With each passing day, China is is being used more often as “bait” for over 300 known and growing “work abroad” scams. Thousands of desperate unemployed people from westerns economies that are gasping for air, as well as new university graduates with huge student loans to repay are falling for ads like this one…
“English-Speaking Manager Trainee wanted by Fortune 500 Company in Shanghai. Must hold degree in Business Administration, be a team player and wiling to sign a 3-5 year contract. Compensation: $60,000 – $80,000 depending on your talent, experience, and contacts. Send your CV and current photo in confidence to Phillip@C**CAsia.com”
According to the vague requirements of this ad, over 14.5 million people in America alone might qualify, perhaps 60 million qualified candidates world-wide and ultimately about 200,000 people will apply. Unfortunately the ad is a fake – designed to lure people into one of many foreign teacher or internship scams being operated by unscrupulous fraudsters looking to grab all the low-hanging fruit they can for a quick $1,000 to $3,000 profit per snatch. It is a very lucrative business. In fact, Interpol estimates the China “work abroad” scam market exceeds $350 million annually.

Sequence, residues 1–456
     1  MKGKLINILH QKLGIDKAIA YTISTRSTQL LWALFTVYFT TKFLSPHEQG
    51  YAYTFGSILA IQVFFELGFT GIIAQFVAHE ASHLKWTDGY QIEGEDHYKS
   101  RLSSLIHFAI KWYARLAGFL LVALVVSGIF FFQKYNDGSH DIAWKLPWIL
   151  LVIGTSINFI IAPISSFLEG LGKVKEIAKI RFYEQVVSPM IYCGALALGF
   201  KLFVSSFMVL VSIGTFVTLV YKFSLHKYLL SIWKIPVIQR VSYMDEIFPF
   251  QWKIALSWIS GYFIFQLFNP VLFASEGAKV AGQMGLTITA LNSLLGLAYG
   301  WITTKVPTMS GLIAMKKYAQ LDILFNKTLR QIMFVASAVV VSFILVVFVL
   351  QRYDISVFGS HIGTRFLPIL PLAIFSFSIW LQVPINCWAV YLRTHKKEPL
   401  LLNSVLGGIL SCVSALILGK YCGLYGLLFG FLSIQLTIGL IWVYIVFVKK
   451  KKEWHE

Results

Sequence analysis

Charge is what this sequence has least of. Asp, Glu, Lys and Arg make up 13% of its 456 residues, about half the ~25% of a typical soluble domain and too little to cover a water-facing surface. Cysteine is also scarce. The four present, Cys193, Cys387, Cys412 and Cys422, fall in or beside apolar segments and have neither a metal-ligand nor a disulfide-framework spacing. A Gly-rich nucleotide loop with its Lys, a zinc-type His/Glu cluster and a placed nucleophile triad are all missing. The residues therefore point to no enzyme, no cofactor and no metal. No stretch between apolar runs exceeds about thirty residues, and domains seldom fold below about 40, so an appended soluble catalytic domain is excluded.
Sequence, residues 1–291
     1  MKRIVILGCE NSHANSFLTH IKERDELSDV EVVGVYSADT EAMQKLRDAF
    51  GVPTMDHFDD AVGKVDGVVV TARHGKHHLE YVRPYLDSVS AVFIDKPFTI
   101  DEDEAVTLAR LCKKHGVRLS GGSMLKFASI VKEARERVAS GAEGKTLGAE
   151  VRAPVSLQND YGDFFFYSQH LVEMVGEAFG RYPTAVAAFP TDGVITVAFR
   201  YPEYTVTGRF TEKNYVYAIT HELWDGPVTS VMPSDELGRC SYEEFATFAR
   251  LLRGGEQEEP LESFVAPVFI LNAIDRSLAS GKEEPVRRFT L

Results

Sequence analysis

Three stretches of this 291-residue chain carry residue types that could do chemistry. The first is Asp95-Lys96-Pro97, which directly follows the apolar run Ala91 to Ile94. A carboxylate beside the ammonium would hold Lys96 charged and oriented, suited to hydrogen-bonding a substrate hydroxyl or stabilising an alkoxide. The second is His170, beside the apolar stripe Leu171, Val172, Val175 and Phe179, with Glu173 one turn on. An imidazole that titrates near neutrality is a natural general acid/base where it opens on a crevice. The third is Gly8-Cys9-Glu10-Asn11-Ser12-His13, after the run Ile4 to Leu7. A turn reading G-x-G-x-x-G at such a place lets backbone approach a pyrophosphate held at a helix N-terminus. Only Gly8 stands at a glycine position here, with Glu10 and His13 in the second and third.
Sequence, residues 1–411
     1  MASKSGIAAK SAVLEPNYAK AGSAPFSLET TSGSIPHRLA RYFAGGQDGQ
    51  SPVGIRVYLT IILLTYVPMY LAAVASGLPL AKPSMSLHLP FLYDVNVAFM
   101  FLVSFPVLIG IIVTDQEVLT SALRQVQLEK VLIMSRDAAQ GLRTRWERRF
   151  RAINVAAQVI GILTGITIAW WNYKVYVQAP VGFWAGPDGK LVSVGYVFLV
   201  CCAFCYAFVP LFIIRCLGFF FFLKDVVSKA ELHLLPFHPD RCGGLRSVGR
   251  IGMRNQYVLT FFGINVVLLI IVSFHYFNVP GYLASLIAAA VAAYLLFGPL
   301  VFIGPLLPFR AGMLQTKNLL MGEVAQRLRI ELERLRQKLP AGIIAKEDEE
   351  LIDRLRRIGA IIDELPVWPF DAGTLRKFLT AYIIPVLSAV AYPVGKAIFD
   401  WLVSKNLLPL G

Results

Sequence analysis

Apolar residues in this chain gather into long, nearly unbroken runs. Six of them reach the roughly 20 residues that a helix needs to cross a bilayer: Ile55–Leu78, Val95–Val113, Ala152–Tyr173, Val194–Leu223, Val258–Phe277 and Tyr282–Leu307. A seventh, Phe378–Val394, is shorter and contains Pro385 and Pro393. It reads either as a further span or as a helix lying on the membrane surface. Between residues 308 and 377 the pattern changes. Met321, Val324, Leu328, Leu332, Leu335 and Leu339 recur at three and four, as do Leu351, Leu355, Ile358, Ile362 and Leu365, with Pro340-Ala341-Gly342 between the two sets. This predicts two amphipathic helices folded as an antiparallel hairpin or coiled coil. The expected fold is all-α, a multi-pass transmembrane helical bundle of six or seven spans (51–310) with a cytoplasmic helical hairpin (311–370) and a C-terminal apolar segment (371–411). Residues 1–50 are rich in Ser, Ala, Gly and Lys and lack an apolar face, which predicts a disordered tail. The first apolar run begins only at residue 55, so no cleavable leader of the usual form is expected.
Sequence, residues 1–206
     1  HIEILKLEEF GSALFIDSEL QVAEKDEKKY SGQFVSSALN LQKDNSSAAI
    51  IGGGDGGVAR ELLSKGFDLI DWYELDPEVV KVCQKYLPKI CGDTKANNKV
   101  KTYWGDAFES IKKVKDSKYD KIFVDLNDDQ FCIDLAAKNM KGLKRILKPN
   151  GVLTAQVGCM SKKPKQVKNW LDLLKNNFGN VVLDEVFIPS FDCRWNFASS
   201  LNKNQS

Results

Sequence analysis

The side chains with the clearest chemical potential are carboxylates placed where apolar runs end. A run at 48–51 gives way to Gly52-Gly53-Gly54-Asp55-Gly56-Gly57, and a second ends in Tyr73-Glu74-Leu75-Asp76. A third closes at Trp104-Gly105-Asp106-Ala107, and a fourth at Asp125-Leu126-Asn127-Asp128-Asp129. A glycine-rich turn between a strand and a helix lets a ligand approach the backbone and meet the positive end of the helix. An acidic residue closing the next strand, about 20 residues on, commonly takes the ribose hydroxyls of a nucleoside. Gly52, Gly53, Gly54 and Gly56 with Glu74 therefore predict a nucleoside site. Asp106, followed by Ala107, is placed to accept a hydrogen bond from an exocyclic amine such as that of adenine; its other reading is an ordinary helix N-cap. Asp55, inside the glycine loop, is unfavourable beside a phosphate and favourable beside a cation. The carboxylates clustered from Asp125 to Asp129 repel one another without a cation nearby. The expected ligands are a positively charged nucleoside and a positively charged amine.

Indeed China is the current land of golden opportunity, but those who work here can tell you straight away that all the good-paying jobs with international companies require one of three things; 1) either inside company contacts, 2) government contacts, or 3) an unpaid or low-pay 3-6 month internship with the company doing the hiring, the latter becoming a growing trend where employers can “try before they buy” a candidate. But for every real internship, there are 30 fraudulent ones being peddled online by no less than a dozen companies like CRCCAsia.com and ChinaSolutions.com which spend a fortune on extravagant and flashy web sites, and thousands of dollars on SEO to get hundreds of ads littering the internet. Their clients pay $2999 for an internship with an unnamed company that usually turns out to be an unpleasant surprise like a telemarketing job “professionally matched” to a business finance major. Of course there are no refunds and legitimate companies look for legitimate interns with the intent to hire the best performers are finding it more difficult to make all the pieces fit. Other companies are just glad to get the near slave labor provided by CRCC and China Solutions and had their “international” company names like “Lucky Gold Star 88 Export Company” actually been disclosed to intern applicants, business would quickly evaporate.